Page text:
Robson Street

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Robson Street at night

Robson Street is a major southeast-northwest thoroughfare in downtown and West End of Vancouver, British Columbia, Canada. Its core commercial blocks from Burrard Street to Jervis were also known as Robsonstrasse.[1] Its name honours John Robson, a major figure in British Columbia's entry into the Canadian Confederation, and Premier of the province from 1889 to 1892. Robson Street starts at BC Place Stadium near the north shore of False Creek, then runs northwest past Vancouver Library Square, Robson Square and the Vancouver Art Gallery, coming to an end at Lost Lagoon in Stanley Park.

As of 2006,[dated info] the city of Vancouver overall had the fifth most expensive retail rental rates in the world, averaging US$135 per square foot per year, citywide. Robson Street tops Vancouver with its most expensive locations renting for up to US$200 per square foot per year.[2] In 2006, both Robson Street and Bloor Street in Toronto were the 22nd most expensive streets in the world, with rents of $208 per square feet. In 2007, Bloor and Robson slipped to 25th in the world with an average of $198 per square feet. The price of each continues to grow with Vancouver being Burberry's first Canadian location and Toronto's Yorkville neighbourhood (which is bounded on the south side by Bloor) now commanding rents of $300 per square foot.

In 1895, train tracks were laid down the street, supporting a concentration of shops and restaurants. From the early to middle-late 20th century, and especially after significant immigration from postwar Germany, the northwest end of Robson Street was known as a centre of German culture and commerce in Vancouver, earning the nickname Robsonstrasse, even among non-Germans (this name lives on in the Robsonstrasse Hotel on the street). At one time, the city had placed streetsigns reading "Robsonstrasse" though these were placed after the German presence in the area had largely vanished.

Robson Street was featured on an old edition of the Canadian Monopoly board as one of the two most expensive properties.

Upscale shopping[edit]

Robson Street's role as a consumer district continues to the present day although the original flavour of the street, which was all small neighbourhood-market stores, has been supplanted by massive redevelopment by brand-name chain stores and high-end restaurants. Robson Street is particularly famous for the fashion shops and dining which extends from Granville Street in the southeast to Denman Street in the northwest, with the main concentration centred between Burrard and Bute Streets, which is the area also known historically as Robsonstrasse.

Although not technically on Robson Street but still considered part of the district, Burrard Street near Robson in addition to the areas of Alberni and Georgia Streets that cross near Burrard contain the most expensive upscale stores in the city, with prominent anchors such as Hermès, Louis Vuitton, Burberry, Tiffany & Co., Lacoste, Coach, Mont Blanc, De Beers, Tory Burch, Pandora, Wolford, Fogal, Escada, Urban Fare and The Shangri-La. This area, focussed around anchor Japanese-marketed businesses on Alberni, is also known as the "Little Ginza".[according to whom?]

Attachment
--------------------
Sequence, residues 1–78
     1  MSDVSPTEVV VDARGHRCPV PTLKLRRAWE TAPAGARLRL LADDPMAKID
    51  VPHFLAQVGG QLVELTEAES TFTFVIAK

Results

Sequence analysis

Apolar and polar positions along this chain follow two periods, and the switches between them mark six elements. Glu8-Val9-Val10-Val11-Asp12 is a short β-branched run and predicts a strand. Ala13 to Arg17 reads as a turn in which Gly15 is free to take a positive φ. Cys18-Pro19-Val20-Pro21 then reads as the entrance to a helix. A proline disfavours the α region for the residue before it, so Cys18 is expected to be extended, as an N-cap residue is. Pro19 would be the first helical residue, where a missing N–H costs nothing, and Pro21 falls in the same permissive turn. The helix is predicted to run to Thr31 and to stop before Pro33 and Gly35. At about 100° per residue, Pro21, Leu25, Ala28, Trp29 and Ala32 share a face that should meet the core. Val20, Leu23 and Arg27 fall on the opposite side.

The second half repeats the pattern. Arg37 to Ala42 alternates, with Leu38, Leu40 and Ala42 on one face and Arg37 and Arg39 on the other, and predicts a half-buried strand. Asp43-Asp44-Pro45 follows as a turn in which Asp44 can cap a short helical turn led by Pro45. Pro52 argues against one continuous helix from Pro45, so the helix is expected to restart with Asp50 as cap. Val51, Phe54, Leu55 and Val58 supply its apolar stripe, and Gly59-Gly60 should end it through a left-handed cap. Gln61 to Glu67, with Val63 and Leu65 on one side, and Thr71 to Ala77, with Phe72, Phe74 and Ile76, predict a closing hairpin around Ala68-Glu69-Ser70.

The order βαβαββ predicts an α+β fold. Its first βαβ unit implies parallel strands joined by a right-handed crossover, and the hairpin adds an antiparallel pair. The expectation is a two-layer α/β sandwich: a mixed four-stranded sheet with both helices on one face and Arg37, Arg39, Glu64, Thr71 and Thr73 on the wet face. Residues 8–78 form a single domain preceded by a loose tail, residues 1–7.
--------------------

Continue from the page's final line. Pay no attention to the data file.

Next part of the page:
The street's intersection with Thurlow Street was known for having two Starbucks coffee shops on opposite corners, one of which was non-smoking prior to the enactment of the indoor smoking ban, and the other not. The location on the west corner is known as a major meeting place for the biker culture, with Harley-Davidsons, Japanese bikes, and cafe racers alike parked in a special bikes-only strip of parking painted on the pavement. It was also this corner of Robson and Thurlow that acted as the epicentre of the Stanley Cup Riot of 1994.[3] One location has since been given up by Starbucks and picked up by Cafe Artigiano. [4]

Neighbourhoods[edit]

Manhattan Apartments (1908)

There are numerous highrises along or near Robson, many of them condo towers and hotels. The Empire Landmark Hotel, originally the Sheraton Landmark, is the tallest highrise on the strip at 42 storeys. It includes the Cloud Nine revolving restaurant.

There are numerous residential condo and apartment towers under construction along the southeastern end of Robson near Yaletown past the bustling Granville Mall, whereas the northwestern end becomes part of Vancouver's West End neighbourhood containing older residential highrises near the quieter Stanley Park and Lost Lagoon; the last few blocks of Robson between Denman and Lost Lagoon are part of the Stanley Park Neighbourhood.

Robson Street is also popular as a cruising street, with many exotic, rare cars and motorcycles present every weekend throughout the summer.

See also[edit]

References[edit]

  1. ^ http://www.robsonstreet.ca/history.php
  2. ^ "Vancouver's retail rates among world's top five". Vancouver Sun. 2006-02-06. Retrieved 2008-07-10. 
  3. ^ 4 Canadian sports riots | Macleans.ca - Culture - Books
  4. ^ Reference: http://www.canada.com/vancouversun/news/business/story.html?id=e098bab8-dd8d-4447-acc9-578a060a3faa&k=3933

External links[edit]

Coordinates: 49°17′13″N 123°07′43″W / 49.28694°N 123.12861°W / 49.28694; -123.12861